1. M. Minucius
Rufus, was consul B. C. 221, with P. Cornelius Scipio Asina, and carried on war, in conjunction with his colleague, against the Istrians, whom he subdued (Eutrop. 3.7
; Oros. 4.13
; Zonar. 8.20
). In B. C. 217 Rufus was appointed magister equitum to the dictator Q. Fabius Maximus, who had been called to this office after the disastrous defeat of the Romans at the battle of the lake Trasimenus.
The cautious policy of Fabius displeased the impetuous temper of Rufus, who excited the discontent of the soldiers and the people against the slow and defensive system of the dictator. Certain religious rites called Fabius to Rome, but before his departure he charged Rufus on no account to risk a battle.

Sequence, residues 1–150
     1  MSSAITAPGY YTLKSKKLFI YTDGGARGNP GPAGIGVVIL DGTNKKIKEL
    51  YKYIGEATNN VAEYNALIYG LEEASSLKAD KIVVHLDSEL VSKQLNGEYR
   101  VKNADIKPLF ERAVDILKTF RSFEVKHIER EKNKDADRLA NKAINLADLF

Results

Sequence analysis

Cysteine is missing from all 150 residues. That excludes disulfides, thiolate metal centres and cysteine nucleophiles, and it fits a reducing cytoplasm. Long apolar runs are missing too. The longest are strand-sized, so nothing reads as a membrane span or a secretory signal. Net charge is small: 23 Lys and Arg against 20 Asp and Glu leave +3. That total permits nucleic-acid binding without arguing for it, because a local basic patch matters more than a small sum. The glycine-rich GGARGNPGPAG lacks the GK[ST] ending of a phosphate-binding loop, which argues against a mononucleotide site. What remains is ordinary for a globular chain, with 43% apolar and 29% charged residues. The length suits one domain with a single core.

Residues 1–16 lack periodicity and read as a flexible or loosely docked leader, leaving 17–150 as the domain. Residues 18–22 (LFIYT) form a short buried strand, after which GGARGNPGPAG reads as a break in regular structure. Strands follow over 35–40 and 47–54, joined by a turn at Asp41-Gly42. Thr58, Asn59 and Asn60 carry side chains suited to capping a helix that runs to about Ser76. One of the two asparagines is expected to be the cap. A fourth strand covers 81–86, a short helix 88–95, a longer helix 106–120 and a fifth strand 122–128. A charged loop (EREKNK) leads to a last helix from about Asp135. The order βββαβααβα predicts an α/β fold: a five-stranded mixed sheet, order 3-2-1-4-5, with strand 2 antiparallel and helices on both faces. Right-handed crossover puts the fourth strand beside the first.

But his orders were disregarded.
The master of the horse straightway commenced an offensive system, and was fortunate enough to obtain a victory over a considerable division of Hannibal's troops.
This success gained Rufus such popularity at Rome, that a bill was passed, on the proposition of the tribune Metilius, giving the master of the horse equal military power with the dictator.
In consequence of this the Roman army was divided, and each portion encamped separately under its own general. Anxious for distinction, Rufus eagerly accepted a battle which was offered him by Hannibal, but was defeated, and his troops were only saved from total destruction by the timely arrival of Fabius, with all his forces. Thereupon Rufus generously acknowledged his error, gave up his separate command, and placed himself again under the authority of the dictator.
He fell at the battle of Cannae in the following year. (Plb. 3.87
; Liv. 22.8
; Piut. Fab. Max.
4-13; Appian, Bell. Hannib.
12, &c.; V. Max. 5.2.4